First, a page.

New jobs posted to TVNewsCheck’s Media Job Center include openings for an executive producer, anchor, local sales manager, assignment manager, meteorologist, reporter, engineering director, general sales manager, digital content manager and news producer.
WTVD, WNCN, WUVC, WLFL and WRDC have begun broadcasting with NextGen TV technology.
The veteran broadcasting executive with 30 years of experience is promoted by Nexstar to Lead its Raleigh, N.C., CBS affiliate.
New jobs posted to TVNewsCheck’s Media Job Center include openings for a general manager and local sales manager at Nexstar operations in Nashville and Raleigh, N.C.
The broadcasting Executive with more than 30 years of experience Joins Nexstar from KMGH Denver to lead Nexstar’s CBS affiliate in Raleigh, N.C.
Changing to affiliation with CBS resulted in a 56% increase in total household viewership, the Raleigh, N.C., station says. WNCN, branded as CBS North Carolina, premiered a 5 p.m. newscast on the first day of the change, Feb. 29, and enjoyed a 48% increase in viewership compared to the same week, same time slot a year earlier. Its 7 p.m. hour, featuring Judge Judy, was up 46% in the same comparison.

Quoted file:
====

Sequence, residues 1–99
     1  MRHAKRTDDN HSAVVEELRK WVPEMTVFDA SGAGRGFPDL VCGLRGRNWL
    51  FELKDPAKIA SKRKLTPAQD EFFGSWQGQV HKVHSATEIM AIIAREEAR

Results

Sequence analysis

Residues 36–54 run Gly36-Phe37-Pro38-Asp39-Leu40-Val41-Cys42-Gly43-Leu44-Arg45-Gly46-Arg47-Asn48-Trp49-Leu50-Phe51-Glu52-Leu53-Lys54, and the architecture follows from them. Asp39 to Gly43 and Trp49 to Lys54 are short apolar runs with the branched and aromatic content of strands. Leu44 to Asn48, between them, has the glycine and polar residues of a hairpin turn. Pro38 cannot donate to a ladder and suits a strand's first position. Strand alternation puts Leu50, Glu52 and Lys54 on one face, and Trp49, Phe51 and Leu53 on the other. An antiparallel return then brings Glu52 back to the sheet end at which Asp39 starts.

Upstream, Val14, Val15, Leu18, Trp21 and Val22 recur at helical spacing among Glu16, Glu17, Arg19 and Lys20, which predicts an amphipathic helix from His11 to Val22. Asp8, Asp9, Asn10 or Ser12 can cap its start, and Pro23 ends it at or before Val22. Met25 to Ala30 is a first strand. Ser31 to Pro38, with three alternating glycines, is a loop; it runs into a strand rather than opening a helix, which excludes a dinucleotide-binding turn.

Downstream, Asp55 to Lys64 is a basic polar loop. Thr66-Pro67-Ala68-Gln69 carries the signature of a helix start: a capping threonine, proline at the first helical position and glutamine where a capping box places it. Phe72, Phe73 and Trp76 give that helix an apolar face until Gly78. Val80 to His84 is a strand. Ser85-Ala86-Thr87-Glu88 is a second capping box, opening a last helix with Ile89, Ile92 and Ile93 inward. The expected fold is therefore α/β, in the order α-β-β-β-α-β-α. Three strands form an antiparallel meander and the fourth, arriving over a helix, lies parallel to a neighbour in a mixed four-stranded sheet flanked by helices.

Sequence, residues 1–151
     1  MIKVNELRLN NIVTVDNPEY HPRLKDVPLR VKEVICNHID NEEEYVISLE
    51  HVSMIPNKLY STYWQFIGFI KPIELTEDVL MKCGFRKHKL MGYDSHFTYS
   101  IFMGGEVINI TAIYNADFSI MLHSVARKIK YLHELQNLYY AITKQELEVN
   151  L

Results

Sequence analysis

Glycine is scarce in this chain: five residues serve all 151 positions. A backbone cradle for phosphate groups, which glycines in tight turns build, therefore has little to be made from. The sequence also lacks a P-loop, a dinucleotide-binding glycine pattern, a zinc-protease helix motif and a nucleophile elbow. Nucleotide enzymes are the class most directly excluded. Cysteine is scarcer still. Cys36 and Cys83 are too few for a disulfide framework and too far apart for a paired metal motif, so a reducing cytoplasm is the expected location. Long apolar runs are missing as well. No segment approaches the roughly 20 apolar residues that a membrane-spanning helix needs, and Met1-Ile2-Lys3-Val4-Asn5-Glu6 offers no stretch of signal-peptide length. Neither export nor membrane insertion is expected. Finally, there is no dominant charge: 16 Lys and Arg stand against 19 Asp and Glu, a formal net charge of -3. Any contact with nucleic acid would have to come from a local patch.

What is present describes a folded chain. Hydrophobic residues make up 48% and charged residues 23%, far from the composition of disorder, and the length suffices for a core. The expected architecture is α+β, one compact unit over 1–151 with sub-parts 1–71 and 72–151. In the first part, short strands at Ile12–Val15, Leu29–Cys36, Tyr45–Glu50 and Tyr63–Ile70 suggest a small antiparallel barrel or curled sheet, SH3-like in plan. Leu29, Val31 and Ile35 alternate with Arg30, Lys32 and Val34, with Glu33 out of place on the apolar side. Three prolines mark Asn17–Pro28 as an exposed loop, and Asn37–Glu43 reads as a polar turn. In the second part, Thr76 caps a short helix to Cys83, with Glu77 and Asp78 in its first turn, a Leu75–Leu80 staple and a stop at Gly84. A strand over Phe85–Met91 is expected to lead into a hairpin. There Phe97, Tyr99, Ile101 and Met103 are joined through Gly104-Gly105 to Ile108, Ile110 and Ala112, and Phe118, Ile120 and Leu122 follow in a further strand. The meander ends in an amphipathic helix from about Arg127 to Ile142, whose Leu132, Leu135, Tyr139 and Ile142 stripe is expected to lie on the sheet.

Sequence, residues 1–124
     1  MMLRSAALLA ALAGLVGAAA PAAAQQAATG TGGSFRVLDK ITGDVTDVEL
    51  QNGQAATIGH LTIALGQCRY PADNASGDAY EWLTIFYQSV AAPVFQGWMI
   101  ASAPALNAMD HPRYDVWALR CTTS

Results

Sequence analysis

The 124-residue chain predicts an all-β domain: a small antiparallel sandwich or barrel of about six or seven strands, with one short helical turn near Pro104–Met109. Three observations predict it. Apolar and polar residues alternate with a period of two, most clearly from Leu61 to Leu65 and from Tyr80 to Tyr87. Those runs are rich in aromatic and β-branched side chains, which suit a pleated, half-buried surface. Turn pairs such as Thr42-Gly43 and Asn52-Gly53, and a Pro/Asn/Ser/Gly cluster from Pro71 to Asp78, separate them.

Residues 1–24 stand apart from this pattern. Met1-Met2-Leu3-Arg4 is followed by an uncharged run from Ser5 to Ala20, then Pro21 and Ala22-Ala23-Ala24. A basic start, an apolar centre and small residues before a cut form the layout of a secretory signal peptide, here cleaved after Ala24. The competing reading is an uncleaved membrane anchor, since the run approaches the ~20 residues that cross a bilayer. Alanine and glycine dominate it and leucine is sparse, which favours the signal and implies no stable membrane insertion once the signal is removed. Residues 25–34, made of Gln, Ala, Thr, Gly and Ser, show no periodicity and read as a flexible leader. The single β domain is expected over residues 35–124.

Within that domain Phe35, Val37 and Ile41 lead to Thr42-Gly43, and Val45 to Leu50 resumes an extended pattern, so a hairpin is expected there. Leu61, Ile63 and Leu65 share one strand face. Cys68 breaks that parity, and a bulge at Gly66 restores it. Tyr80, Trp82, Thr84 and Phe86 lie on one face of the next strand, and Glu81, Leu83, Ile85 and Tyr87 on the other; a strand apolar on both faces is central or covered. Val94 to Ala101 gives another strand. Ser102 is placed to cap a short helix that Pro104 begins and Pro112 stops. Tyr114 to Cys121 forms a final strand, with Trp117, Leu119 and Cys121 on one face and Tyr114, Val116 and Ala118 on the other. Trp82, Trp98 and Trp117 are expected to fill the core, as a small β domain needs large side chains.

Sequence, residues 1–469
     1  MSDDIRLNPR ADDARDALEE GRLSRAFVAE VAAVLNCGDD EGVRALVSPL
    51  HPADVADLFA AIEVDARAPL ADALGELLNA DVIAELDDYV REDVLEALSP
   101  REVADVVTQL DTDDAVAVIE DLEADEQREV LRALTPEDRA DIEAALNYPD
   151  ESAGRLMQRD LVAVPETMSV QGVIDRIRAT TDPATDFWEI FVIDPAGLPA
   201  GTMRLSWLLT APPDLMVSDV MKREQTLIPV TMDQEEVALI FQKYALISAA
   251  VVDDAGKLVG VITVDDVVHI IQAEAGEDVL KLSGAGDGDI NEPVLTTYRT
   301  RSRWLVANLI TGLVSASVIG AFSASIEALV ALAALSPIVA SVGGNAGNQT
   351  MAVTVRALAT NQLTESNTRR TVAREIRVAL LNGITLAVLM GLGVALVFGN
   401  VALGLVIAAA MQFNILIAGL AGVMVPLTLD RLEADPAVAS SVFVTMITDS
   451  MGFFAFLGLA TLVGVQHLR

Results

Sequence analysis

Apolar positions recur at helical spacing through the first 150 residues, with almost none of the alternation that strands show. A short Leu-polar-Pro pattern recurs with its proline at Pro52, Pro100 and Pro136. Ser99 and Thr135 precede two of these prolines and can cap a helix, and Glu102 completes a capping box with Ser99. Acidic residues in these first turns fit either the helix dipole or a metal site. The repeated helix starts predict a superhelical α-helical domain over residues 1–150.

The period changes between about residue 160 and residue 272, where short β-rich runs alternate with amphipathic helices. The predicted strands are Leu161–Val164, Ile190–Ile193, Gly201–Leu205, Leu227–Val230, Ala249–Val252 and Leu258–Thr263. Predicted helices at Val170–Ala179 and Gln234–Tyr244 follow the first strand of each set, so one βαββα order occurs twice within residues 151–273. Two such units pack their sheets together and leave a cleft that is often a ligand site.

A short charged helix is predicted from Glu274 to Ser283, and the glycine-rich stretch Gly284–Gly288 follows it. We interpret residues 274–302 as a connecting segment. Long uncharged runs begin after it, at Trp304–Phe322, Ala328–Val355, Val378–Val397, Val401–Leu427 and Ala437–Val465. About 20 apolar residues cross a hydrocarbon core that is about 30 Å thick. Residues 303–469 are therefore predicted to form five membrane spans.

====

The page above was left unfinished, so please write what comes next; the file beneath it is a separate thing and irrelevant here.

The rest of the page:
Unable to reach an accord that would extend their 30-year affiliation, CBS and WRAL are parting ways. Come Feb. 29, WRAL will become the the market’s NBC affiliate and Media General’s WNCN will become its CBS affiliate.
Plus, Movers And Shakers, promo spots from Dallas, New York, Philly and Universal Resorts, and TV’s still the 10,000-pound gorilla when it comes to advertising.
Media General’s WNCN Raleigh, N.C., created a website designed to tell viewers its side of the company’s retransmission consent dispute with Dish Network. The website is an example of the viewer education efforts being conducted by all of Media General’s stations during the impasse.
The Media General NBC affiliate is switching from “NBC 17” TO “WNCN Raleigh – Durham – Fayetteville.” GM Doug Hamilton: “By choosing to identify ourselves with our call letters [rather than network], we simply believe we are making a local statement to our communities that our priority is to serve them first and foremost.”
For stations in Raleigh-Durham, N.C., the ratings stakes have likely never been higher than they are this fall. The start of the traditional TV season is bringing new programming and switches in some local news lineups, while a volatile presidential campaign is pumping ad dollars into North Carolina, which is again a swing state.